• IDRA Newsletter • May 2009

That is not the kind of reception families and people in the neighborhood should receive at the front office of their school. Teachers and principals may be trying elaborate and innovative ways to engage families and community members. But if people are made to feel unwelcome at the door, those great plans will fail.

Current improvement efforts in schools frequently look to business models of successful change and leadership. Customer service is one aspect of the business model that gets talked about more regularly and is actually delivered to varying degrees in schools around the country.

What does it mean to provide good customer service? How do we ensure service to our community on par with our expectations of service in other sectors of our lives? What can be gained through a focus on customers? Who are the customers?

There are two distinct forms of customer service in a school:

  • Internal customer service – how we engage students and staff in the education process, both at building and district levels; and
  • External customer service – how our schools and central office personnel engage the community.

Internal customer service can go a long way toward helping us understand the unmet needs of our students and staff and improve the quality of our work as a result. External customer service can garner community support in ways that empower our work and strengthen partnerships that are beneficial for students.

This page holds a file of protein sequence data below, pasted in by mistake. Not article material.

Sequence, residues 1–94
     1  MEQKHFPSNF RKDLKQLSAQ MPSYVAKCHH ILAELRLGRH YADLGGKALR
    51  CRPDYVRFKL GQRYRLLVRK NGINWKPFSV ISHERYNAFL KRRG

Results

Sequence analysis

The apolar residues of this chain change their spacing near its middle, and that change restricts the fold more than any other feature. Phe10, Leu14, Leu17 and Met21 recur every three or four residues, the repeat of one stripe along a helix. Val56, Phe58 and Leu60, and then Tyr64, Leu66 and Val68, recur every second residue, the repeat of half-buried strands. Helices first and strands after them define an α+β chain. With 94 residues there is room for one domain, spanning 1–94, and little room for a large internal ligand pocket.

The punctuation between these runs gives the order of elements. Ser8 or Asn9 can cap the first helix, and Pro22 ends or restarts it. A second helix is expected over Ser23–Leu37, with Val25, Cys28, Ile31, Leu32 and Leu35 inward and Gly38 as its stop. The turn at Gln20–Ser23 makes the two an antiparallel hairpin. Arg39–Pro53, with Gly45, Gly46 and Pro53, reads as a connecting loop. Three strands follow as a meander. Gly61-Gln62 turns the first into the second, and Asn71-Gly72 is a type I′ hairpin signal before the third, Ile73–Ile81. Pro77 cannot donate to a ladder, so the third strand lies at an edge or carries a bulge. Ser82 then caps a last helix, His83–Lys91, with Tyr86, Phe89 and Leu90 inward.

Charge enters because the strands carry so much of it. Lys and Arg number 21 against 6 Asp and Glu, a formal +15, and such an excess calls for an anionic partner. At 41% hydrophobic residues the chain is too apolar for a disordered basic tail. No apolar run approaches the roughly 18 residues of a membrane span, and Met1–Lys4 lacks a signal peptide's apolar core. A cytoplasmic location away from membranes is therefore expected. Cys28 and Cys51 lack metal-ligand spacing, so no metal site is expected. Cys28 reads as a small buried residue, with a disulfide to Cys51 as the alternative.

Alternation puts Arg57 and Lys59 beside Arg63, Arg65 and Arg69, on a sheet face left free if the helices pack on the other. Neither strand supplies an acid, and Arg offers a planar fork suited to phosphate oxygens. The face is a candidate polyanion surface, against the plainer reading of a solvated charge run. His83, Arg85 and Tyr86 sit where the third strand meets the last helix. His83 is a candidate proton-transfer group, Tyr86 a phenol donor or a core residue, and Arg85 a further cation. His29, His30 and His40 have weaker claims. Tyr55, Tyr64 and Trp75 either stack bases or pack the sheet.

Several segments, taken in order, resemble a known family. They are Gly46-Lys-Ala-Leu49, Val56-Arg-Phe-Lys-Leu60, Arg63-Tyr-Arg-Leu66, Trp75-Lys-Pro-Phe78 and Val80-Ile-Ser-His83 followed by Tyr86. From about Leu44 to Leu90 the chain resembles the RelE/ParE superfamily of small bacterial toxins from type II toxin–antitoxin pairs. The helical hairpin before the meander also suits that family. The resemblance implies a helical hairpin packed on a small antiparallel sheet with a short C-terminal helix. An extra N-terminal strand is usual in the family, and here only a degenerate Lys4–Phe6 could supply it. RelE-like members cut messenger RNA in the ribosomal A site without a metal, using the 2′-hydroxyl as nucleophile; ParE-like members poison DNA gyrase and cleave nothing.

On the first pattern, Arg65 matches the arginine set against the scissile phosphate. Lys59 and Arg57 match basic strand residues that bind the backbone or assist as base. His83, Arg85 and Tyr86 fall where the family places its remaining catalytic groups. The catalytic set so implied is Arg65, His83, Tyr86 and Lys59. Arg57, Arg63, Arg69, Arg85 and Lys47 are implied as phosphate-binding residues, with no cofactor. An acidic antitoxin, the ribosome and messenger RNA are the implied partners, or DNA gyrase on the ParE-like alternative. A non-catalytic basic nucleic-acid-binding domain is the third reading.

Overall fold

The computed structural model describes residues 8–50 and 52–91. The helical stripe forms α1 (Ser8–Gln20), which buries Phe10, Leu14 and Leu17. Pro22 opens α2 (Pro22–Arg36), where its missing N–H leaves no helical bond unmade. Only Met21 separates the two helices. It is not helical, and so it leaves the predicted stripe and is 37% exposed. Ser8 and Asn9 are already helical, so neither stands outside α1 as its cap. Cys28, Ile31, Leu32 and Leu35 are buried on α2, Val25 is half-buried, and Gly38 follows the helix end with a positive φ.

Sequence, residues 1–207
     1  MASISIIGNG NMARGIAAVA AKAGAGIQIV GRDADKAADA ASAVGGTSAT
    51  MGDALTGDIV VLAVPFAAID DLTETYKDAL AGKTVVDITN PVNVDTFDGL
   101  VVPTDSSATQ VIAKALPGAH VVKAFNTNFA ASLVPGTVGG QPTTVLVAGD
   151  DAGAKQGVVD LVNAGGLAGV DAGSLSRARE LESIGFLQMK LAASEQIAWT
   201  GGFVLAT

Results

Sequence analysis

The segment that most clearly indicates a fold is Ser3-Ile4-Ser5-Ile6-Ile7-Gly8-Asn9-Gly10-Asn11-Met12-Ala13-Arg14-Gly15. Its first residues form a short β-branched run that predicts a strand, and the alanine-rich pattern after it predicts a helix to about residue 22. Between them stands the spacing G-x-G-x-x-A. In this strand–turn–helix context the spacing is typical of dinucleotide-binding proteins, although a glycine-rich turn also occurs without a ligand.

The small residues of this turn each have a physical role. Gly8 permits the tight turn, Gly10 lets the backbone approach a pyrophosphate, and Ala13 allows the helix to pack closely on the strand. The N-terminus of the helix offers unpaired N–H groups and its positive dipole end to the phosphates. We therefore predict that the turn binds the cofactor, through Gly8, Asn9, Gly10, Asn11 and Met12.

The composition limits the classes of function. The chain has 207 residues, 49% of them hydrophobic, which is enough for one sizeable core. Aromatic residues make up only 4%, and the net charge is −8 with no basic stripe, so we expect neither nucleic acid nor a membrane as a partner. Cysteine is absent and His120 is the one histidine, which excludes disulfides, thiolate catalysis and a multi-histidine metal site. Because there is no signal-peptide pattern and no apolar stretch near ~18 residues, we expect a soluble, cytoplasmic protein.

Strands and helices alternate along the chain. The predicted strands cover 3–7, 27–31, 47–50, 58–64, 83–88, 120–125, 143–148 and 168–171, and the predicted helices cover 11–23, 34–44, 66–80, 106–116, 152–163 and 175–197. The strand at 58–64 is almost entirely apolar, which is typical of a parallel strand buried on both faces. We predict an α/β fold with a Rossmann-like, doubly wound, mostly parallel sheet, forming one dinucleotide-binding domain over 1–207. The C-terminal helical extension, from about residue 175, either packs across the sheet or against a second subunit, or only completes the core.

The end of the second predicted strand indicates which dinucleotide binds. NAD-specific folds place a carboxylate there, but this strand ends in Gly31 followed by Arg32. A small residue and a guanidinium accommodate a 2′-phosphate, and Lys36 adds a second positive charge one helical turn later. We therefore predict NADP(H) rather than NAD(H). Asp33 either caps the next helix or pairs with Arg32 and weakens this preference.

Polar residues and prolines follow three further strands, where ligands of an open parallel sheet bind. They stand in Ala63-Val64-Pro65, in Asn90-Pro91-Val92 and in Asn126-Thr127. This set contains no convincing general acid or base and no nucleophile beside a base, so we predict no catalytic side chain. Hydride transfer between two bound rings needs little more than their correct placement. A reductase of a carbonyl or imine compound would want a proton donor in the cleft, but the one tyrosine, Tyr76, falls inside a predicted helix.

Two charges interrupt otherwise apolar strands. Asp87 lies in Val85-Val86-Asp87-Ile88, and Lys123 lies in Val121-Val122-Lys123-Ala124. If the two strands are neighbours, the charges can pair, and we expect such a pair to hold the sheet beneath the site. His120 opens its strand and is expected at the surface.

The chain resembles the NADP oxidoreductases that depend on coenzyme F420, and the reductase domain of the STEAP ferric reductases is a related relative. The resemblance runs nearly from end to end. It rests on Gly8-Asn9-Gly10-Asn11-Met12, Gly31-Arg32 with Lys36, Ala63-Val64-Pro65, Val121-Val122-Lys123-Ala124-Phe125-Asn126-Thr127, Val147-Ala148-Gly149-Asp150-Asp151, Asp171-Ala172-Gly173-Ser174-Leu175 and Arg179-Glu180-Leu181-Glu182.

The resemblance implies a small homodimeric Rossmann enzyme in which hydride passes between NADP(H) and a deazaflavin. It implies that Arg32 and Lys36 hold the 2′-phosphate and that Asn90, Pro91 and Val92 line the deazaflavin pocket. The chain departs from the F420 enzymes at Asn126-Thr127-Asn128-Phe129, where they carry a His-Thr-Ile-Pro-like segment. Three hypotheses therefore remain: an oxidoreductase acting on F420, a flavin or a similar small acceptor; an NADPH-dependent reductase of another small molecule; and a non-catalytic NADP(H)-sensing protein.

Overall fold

The Texas IDRA Parent Information and Resource Center (PIRC) recently conducted a full-day professional development session for the secretaries, clerks and support personnel of a school district that is strategically aiming to improve its services to and engagement with families. Below were the objectives of the session entitled, “Creating Family Friendlier Schools through A+ Customer Service.”

  • Arrive at a rationale for having A+ customer service in all the school district;
  • Compare and contrast the value and contribution of each staff position represented in the group;
  • Analyze the five C’s of customer service and list at least two barriers to providing or having each C;

  • Describe situations that are stressful or challenging to delivering good customer service and suggesting positive and creative ways of dealing with them; and
  • Sketch out personal and campus team steps to be taken to improve customer service.

The highly participatory workshop enabled school staff to validate their roles, their contributions and the importance of their work in presenting the face of the school district to customers (families) and the broader community. A committee representative of the different positions and roles drafted information to eventually become a customer service publication for the district.

This kind of intervention is critical in giving new energy and direction to the overall parent-family involvement work of the school district and will positively affect the Title I parent involvement responsibilities of each campus.

Visit the Parent Information and Resource Center online: http://www.idra.org/Texas_IDRA_PIRC

The school leaders who embrace, design and implement customer-driven systems will be the ones who thrive in the future.”
– Ellan Toothman, 2004

Comments or questions may be directed to IDRA via e-mail at feedback@idra.org.

[©2009, IDRA. This article originally appeared in the May 2009 IDRA Newsletter by the Intercultural Development Research Association. Permission to reproduce this article is granted provided the article is reprinted in its entirety and proper credit is given to IDRA and the author.]